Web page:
The contact of the iodine with the copper (I) ions can be effected by a process comprising the absorption of the iodine by at least the peripheral surface layer of the fiber matrix and, then, by contact of the iodine-absorbed fiber matrix with anaqueous solution containing a copper (I) compound.

Preferably, the above-mentioned absorption operation is carried out by bringing the organic polymeric fiber matrix into contact with an aqueous solution containing iodine and, preferably, an iodine-dissolving promoter. In this case, it ispreferable that the aqueous solution contain iodine in an amount of from 10 to 1000 g more preferably, from 50 to 800 g, per liter of water. Usually, the iodine-dissolving promoter is selected from the group consisting of potassium iodide, sodiumiodide, lithium iodide, ammonium iodide and hydrogen iodide and perferably used in an amount of from 0.03 to 3 mole per liter of water. Also, it is preferable that the absorption operation is carried out at a temperature of 0.degree. to 100.degree. C.The absorbing temperature is variable depending on the type of the fiber matrix used. For example, the preferable absorbing temperature is in the range of from 40.degree. to 80.degree. C. for polyester fibers, in the range of from 80.degree. to90.degree. C. for whole aromatic polyamide fibers, in the range of from 10.degree. to 30.degree. C. for aliphatic polyamide fibers, polyacrylic fibers, vinyl compound polymer fibers, cellulose diacetate fibers, animal hair fibers and silk.

The iodine containing aqueous solution may contain an additive effective for swelling the fiber matrix. The swelling additive is effective for accelerating the absorption of iodine by the fiber matrix.

The absorption of iodine can be effected by using a solution of iodine in an organic solvent. Otherwise, the absorption of iodine can be effected by introducing the fiber matrix into an atmosphere containing iodine vapor.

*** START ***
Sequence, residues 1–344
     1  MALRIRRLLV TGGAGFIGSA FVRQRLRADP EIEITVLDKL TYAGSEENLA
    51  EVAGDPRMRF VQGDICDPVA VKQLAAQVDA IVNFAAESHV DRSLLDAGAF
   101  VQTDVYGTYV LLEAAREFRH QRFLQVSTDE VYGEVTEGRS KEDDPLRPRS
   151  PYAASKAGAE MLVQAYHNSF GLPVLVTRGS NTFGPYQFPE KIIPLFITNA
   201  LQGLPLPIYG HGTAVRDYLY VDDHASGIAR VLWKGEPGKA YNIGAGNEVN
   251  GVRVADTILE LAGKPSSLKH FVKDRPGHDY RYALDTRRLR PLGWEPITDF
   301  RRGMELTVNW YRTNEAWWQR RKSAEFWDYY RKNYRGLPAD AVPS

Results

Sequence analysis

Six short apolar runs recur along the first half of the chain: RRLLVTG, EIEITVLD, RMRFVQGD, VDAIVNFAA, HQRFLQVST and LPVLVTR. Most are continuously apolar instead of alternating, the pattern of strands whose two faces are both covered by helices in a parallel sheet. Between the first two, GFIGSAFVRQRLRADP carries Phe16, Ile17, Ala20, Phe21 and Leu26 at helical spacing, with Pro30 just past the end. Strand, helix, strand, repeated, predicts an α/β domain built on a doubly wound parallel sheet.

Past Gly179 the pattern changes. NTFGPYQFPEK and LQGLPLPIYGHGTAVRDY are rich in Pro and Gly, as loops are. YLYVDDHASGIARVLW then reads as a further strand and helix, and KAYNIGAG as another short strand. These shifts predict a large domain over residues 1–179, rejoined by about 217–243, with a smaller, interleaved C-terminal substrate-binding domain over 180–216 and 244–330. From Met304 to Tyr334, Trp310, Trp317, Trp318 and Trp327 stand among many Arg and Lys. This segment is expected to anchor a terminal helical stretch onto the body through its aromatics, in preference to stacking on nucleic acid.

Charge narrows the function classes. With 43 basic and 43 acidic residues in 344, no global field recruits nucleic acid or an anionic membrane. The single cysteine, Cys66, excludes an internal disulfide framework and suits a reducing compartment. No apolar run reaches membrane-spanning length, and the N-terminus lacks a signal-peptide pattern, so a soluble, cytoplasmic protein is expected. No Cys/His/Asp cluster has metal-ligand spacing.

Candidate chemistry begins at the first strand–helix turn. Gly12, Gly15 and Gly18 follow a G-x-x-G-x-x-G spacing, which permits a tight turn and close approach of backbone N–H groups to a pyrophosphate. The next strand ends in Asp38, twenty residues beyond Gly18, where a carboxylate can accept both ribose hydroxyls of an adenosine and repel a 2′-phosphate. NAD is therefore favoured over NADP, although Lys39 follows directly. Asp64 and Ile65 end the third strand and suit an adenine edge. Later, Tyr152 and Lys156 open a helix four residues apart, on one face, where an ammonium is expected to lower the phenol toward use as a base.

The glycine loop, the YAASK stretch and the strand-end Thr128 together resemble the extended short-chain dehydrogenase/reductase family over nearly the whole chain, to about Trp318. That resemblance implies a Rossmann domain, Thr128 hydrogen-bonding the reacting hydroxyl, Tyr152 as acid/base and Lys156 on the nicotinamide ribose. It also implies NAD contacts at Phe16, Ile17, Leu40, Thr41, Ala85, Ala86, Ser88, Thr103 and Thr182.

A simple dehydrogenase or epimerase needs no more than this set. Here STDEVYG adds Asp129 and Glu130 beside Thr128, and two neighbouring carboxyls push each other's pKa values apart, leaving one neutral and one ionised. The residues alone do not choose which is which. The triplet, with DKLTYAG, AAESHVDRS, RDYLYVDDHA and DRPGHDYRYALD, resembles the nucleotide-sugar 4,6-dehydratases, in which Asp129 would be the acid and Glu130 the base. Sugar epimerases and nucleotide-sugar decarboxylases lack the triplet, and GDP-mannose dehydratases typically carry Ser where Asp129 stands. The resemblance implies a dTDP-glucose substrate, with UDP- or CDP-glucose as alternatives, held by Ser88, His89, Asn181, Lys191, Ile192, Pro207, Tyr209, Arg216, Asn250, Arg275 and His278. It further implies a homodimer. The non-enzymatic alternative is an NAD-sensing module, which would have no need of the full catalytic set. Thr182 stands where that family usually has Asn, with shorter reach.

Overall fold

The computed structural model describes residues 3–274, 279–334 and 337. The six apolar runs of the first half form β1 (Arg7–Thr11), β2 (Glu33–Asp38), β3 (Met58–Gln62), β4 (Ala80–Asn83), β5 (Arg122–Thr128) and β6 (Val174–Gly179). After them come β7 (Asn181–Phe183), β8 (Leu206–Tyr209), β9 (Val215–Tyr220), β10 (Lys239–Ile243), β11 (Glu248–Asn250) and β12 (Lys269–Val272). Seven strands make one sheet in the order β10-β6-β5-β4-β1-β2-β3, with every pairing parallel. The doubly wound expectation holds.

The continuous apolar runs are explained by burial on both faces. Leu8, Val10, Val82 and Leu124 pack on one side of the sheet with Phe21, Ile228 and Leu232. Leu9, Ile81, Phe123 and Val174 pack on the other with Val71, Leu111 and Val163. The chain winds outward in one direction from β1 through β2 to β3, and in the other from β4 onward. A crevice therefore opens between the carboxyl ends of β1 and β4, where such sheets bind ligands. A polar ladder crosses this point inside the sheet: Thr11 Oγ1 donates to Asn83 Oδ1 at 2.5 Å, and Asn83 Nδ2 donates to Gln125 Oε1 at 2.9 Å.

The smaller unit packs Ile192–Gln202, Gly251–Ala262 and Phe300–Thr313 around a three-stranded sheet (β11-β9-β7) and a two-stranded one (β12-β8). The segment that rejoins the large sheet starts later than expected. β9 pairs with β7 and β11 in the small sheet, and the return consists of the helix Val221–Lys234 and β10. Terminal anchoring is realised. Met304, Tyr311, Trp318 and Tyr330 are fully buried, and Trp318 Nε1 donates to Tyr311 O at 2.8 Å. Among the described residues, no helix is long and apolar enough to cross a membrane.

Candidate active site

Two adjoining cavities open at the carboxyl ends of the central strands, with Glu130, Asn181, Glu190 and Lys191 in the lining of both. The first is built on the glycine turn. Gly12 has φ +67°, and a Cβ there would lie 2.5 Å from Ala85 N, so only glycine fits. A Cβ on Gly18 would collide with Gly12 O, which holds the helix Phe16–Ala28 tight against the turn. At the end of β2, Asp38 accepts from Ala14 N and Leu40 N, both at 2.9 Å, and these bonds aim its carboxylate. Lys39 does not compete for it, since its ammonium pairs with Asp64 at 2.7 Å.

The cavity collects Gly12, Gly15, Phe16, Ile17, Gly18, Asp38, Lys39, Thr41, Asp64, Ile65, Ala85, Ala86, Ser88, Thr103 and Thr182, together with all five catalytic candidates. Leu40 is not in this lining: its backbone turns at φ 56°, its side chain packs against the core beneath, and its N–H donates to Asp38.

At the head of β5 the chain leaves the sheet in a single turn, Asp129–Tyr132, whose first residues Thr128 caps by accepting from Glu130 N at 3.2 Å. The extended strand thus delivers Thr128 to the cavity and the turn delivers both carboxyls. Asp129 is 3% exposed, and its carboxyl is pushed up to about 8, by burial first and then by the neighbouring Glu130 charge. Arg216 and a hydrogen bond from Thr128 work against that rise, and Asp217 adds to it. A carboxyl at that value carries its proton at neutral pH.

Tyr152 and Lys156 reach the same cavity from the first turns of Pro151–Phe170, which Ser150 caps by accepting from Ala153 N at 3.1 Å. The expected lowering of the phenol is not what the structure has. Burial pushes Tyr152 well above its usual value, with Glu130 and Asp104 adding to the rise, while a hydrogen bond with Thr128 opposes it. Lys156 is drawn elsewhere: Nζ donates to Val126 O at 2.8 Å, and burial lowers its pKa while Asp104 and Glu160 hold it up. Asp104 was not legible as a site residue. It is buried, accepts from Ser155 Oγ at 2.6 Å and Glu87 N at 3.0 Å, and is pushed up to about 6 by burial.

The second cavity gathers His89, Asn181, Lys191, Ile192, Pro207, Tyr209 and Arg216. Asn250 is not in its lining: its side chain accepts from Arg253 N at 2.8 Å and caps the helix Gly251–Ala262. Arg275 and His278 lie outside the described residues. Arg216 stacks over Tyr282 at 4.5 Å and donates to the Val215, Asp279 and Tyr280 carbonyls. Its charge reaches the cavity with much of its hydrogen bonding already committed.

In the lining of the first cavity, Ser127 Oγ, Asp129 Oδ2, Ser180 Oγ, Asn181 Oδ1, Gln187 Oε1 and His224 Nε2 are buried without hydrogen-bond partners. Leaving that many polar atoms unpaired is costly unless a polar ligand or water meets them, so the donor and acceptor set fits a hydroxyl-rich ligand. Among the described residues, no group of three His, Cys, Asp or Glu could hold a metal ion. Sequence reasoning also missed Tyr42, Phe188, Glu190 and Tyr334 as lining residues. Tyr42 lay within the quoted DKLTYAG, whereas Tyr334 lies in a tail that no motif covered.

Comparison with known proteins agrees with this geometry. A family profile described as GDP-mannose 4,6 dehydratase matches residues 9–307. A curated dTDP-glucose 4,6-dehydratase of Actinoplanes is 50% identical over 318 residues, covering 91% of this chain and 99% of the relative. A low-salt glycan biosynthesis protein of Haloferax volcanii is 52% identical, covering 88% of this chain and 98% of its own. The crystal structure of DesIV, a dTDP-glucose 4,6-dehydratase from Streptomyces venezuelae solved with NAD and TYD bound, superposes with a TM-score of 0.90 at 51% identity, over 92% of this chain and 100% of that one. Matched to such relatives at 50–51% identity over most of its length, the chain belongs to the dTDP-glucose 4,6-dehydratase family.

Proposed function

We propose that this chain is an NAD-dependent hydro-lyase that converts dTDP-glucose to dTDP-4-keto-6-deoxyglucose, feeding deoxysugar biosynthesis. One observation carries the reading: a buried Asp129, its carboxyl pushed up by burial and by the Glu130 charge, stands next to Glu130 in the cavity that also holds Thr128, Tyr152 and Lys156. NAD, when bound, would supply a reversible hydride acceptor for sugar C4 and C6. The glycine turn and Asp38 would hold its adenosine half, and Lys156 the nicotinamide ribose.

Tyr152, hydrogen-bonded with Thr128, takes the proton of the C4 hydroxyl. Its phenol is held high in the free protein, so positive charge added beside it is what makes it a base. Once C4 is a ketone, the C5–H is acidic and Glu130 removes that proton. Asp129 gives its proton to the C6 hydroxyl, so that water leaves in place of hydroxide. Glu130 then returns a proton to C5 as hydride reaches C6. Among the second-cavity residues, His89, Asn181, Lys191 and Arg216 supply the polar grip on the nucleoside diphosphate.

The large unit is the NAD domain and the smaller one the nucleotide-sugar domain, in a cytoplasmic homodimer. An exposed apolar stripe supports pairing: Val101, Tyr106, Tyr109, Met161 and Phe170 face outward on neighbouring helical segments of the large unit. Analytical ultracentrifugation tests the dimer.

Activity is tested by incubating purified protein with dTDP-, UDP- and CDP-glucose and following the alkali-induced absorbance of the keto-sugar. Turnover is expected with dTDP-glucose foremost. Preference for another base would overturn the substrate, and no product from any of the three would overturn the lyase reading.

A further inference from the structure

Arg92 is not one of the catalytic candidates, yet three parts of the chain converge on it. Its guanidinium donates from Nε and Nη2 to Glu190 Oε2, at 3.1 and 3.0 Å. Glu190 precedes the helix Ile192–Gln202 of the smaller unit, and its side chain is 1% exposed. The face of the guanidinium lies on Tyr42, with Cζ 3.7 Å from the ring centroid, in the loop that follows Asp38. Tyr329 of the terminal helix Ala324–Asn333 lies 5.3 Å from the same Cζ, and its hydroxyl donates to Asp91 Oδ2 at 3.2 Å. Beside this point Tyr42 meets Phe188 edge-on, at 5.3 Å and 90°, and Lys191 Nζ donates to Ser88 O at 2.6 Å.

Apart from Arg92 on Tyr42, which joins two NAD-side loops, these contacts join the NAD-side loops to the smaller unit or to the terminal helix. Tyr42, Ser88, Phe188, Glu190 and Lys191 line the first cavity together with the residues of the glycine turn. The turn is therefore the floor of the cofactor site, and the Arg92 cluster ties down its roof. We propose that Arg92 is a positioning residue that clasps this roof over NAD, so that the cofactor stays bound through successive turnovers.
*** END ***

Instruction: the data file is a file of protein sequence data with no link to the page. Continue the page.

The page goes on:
In the type of absorption operation of iodine, it is necessary that the amount of the absorbed iodine in the fiber matrix is at least 2% based on the weight of the fiber matrix. However, the amount of the absorbed iodine is variable depending onthe type and denier of the fiber matrix, the composition of the iodine-containing solution and the absorbing temperature and time. For example, in the case where nylon 6 fibers, each having a denier of 30, are immersed in an aqueous solution consistingof 60 parts by weight of iodine, 40 parts by weight of potassium iodide and 100 parts by weight of water, at room temperature for 10 minutes, the amount of the absorbed iodine reaches an equilibrium level of 190% based on the weight of the nylon 6fibers. However, in the case where the same iodine aqueous solution as that mentioned above is applied to polyethylene terephthalate fibers, each having a denier of 30, in place of the nylon 6 fibers at a temperature of 80.degree. C. for 2 hours, theiodine is absorbed in an amount of 40% based on the weight of the fiber.

In the method in which an iodine-absorbed fiber matrix is brought into contact with an aqueous solution containing a copper (I) compound, the copper (I) compound may be selected from the group consisting of copper (I) chloride, copper (I) bromideand copper (I) sulfite. The most perferable copper (I) compound is copper (I) chloride.